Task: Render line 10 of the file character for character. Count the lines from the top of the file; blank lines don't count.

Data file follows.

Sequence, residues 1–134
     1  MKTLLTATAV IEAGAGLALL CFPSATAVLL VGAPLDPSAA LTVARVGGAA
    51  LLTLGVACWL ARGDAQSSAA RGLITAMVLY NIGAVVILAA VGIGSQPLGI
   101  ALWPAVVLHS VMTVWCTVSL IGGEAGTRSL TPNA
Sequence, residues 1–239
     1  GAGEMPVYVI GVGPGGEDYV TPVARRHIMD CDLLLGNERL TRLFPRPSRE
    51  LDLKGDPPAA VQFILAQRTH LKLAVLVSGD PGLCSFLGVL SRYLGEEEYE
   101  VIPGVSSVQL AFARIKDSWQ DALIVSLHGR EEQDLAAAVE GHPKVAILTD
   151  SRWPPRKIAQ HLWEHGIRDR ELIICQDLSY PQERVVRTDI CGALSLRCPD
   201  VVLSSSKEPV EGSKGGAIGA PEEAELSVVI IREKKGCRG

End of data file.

   201  VVLSSSKEPV EGSKGGAIGA PEEAELSVVI IREKKGCRG